For all the increasingly tetchy statements and warnings of the impact of the pandemic on clubs and their communities, many outsiders could be forgiven for looking at English football’s top flight and assuming business was pretty much back to normal. Spending in the current transfer window may well surpass that of 12 months ago. Chelsea have splashed out more than £200million on new players while, closer to home, Villa and Wolves have both broken their transfer records.
The full picture across the whole division is a little more complex. Despite some notable big money deals, for those clubs without wealthy owners the market has been considerably more tricky. Regardless of size, the pandemic is going to leave a mark on every club’s balance sheet.
Yet when you have always been happy to trade off being the richest league in the world and when the majority of your £9.2billion TV deal remains intact, it should really be no surprise if people expect you to look after both yourself and others in times of hardship.
It is far easier to have sympathy with those clubs for whom the current situation really is a matter of life and death and men like AFC Telford United chairman Andy Pryce, who for six months has worked round the clock to guide the Bucks through a colossal storm, only to find the most dangerous waters still lie ahead.
For Telford and Kidderminster Harriers, their regional compatriots at the very foot of the professional game, the news supporters are now unlikely to return for another six months is a hammer blow delivered at the cruellest time, less than a fortnight before the October date which for so long had been a beacon of hope.
“You think there is light at the end of the tunnel and then it is gone,” Harriers chief executive, Neil Male, admitted earlier this week.
Neither Harriers or Telford have been helped by the government’s bizarre decision to class National League North, the division in which they both play, as ‘elite’ level sport.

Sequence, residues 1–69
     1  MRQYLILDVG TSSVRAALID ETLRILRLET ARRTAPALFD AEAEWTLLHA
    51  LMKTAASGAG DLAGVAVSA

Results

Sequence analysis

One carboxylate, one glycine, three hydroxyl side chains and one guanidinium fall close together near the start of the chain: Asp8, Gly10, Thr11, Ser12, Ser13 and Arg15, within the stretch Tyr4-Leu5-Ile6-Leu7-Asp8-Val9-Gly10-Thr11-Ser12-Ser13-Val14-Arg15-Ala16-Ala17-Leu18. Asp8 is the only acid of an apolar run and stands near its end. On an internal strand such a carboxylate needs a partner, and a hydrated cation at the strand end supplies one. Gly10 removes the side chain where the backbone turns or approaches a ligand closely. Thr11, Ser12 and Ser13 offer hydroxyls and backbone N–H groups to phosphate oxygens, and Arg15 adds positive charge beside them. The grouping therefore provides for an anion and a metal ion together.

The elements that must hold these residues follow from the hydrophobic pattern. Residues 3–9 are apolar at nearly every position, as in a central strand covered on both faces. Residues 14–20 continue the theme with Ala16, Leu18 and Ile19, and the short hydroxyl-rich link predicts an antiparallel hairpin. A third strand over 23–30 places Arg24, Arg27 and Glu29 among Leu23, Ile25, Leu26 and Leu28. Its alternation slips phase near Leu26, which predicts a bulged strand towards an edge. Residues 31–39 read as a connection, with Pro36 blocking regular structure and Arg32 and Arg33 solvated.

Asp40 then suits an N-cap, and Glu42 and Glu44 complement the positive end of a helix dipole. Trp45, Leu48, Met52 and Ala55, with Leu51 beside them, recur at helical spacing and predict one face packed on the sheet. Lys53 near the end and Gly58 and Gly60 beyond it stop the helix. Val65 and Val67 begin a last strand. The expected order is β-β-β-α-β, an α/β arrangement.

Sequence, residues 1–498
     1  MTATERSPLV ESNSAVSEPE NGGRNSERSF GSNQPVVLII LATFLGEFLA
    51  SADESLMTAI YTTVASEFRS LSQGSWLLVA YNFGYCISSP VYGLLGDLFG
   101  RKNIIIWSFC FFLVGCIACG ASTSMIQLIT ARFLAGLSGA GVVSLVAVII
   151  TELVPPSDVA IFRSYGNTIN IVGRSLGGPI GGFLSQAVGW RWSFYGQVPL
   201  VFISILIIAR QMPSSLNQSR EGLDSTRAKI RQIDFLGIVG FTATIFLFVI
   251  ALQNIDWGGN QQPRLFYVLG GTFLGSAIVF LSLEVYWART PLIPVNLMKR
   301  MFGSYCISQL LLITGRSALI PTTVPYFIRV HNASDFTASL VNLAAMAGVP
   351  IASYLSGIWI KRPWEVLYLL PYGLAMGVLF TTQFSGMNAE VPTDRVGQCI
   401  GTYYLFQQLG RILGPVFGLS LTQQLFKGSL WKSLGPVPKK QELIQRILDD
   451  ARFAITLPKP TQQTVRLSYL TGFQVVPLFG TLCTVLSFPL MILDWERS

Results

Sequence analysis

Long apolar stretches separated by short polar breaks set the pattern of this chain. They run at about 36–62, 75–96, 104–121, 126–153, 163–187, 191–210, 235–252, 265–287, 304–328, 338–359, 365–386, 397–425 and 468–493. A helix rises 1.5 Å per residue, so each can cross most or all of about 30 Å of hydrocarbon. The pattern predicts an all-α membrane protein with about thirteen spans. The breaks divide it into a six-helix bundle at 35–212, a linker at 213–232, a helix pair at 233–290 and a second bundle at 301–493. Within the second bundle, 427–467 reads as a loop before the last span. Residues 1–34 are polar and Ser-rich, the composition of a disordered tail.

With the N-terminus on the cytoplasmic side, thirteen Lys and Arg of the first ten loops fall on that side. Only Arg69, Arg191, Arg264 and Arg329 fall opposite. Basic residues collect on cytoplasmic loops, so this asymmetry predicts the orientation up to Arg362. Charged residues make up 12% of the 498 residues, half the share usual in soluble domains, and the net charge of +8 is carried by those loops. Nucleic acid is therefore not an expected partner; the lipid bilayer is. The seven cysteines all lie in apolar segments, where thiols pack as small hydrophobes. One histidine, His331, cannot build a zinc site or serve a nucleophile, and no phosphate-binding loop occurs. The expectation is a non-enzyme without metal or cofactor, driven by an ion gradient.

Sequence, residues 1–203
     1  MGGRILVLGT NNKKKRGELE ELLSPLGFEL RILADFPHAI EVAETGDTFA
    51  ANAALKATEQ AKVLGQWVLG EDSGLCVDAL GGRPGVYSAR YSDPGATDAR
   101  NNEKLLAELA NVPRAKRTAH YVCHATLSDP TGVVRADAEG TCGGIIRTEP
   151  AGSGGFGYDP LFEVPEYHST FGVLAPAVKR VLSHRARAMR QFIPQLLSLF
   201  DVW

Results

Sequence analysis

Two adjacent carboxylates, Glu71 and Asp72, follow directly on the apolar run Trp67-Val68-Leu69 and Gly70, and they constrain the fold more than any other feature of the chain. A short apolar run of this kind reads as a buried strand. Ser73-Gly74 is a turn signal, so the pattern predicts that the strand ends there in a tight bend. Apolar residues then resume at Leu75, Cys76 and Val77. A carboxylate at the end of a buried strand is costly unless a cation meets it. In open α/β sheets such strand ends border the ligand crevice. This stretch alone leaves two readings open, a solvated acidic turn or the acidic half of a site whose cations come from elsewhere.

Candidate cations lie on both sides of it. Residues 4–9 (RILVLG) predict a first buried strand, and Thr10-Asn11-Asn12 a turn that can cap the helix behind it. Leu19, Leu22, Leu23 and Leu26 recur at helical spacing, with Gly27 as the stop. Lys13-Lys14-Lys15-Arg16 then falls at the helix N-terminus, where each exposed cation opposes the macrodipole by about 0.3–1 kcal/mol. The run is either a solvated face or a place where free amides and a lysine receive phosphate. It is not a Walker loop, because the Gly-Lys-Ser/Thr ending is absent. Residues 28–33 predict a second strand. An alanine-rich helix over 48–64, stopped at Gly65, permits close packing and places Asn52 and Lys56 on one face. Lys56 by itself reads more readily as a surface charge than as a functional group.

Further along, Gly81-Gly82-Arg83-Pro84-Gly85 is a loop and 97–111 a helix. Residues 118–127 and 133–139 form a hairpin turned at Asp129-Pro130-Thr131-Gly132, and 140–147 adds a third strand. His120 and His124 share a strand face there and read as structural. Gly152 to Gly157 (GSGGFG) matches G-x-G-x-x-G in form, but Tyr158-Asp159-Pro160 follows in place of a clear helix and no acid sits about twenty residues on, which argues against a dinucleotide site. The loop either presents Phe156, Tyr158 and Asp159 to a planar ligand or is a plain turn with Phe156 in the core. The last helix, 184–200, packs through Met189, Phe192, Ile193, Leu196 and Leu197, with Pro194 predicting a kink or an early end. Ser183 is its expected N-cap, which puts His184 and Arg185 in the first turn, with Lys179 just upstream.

That means they must follow the same guidelines as Premier League neighbours Albion and Wolves, with supporters barred, while a step below in the non-league pyramid Stourbridge, who are classed as playing at a ‘recreational’ level, can admit 600 fans to home matches.
It is almost seven months since Harriers or Telford played a competitive fixture and having exhausted almost every avenue in their efforts to stave off a financial crisis, they are more than deserving of government support. Thankfully, indications from Westminster are that they will receive some.
Male was a professional with Torquay United before his career was cut short by injury, going on to enjoy success in the security industry before returning to the sport a year ago with Harriers. His pervading mood over recent months has been one of frustration.
“I feel like I am saying the same things now as I was in March,” he says. “There has been next to nothing in terms of support from the FA, Premier League or the government. The last 12 months have been a real eye-opener in terms of how the sport is run.”
Haven’t they just? Male is far from the only one who could be forgiven for feeling they are sounding like a broken record.